Locals have opposed a move by a construction company to seize more than 250 acres of land in southern Shan State’s Mongnai Township to build housing for staff of a hydropower plant.
The land is used for farming and is located in Kunglong village tract in Keng Tawng sub-township.
Villagers from the area sent a letter outlining their opposition to the district and township offices in mid-July, and fear that the plan will go ahead anyway.
Lung Ti, who lives in Wan Kert village in Kunlong, said that villagers were put under pressure by the construction company to accept the project.
“The company [officials] showed us a map and urged us to sign it. We didn’t agree to it,” Lung Ti said.
According to Myanmar’s Electric Power Cooperation (EPC) website, the Keng Tawng hydropower plant was built in 2012 and generates around 60 megawatts of electricity, which is distributed in some townships in southern Shan state, to the eastern military command headquarters in Taunggyi and the central-eastern military command headquarters in Kholam.
“This farmland is not far from the Keng Tawng hydropower plant; it is located around the village,” Mongnai parliamentarian Sai Myo Myint, also known as Lung Kung Hseng Mueng, told SHAN. “The villagers disagree with it. They have opposed it. We are helping the villagers.”
According to villager Lung Ti, the construction company said that the government had already given them permission to build the housing for the staff of the hydropower plant, and that they had already surveyed the land.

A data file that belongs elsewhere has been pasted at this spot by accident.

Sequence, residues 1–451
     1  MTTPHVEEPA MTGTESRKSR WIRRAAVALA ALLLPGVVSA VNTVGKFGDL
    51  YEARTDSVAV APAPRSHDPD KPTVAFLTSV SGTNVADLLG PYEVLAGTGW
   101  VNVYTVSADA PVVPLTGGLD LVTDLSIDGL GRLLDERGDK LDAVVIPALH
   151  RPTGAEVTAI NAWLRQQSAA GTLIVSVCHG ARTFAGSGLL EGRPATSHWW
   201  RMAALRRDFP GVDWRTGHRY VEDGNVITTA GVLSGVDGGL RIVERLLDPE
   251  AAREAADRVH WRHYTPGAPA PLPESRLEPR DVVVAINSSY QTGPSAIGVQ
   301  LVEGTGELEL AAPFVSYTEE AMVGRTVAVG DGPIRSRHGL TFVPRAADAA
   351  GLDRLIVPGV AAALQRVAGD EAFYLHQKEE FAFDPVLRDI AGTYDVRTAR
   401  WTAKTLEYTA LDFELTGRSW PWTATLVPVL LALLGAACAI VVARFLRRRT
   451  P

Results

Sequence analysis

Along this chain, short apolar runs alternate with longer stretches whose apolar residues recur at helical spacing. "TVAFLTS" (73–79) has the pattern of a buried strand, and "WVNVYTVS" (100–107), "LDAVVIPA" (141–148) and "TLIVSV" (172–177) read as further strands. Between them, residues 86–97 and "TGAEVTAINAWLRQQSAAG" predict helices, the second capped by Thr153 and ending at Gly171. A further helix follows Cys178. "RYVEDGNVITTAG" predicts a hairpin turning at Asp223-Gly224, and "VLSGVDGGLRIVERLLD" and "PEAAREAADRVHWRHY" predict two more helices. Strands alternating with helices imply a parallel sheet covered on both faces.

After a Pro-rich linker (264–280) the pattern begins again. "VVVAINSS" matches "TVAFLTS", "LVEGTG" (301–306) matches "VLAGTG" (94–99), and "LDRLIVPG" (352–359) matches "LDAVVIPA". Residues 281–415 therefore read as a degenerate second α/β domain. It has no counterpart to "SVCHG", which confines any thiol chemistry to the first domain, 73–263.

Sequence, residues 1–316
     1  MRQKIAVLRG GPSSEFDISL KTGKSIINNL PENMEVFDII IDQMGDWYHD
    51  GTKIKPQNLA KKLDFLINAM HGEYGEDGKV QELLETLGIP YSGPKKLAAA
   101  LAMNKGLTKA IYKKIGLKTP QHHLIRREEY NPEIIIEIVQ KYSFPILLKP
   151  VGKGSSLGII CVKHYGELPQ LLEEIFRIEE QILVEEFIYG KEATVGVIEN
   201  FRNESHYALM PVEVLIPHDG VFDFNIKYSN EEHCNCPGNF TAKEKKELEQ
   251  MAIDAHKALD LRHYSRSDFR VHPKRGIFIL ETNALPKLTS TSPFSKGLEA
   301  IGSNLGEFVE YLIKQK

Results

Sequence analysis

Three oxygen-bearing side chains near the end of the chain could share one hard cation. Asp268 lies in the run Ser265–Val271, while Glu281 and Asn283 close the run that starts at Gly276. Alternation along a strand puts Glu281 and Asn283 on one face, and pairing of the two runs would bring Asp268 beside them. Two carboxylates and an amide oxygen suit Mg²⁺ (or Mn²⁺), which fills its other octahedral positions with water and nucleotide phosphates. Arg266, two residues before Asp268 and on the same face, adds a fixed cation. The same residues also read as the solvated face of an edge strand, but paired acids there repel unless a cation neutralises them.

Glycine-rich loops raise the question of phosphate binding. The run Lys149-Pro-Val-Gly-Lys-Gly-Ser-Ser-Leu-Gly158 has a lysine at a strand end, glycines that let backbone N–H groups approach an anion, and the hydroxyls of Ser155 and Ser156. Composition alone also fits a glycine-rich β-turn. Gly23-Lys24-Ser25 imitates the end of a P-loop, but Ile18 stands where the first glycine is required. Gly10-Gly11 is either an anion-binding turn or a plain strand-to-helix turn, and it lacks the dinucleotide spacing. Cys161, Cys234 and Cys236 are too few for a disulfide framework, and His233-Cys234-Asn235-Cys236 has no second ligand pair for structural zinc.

“They said that they measured the land in 2012. We did not know anything about it. They did not inform us when they come to measure the land,” he told SHAN.
Lung Ti added that he is concerned that the villagers are opposing powerful actors.
“We cannot win in this case because they have come with the government and army,” he said.
Sai Khur Hseng of the Shan Sapawa environmental organization also spoke out against the land seizure and urged locals to stand against it.
“All villagers must oppose it. The respective authorities must take note of this and need to protect [the land]. If they seize the land, local people will lose their farmland. They will suffer a lot,” he told SHAN.
Another controversial project in the area, the Upper Keng Tawng hydropower dam on the Nam Teng River, a tributary of the Salween, has been strongly objected to by locals and Shan civil society for its potential to displace thousands and fuel conflict in the area. It is located 14 miles from Keng Tawng town and is expected to be completed in 2021.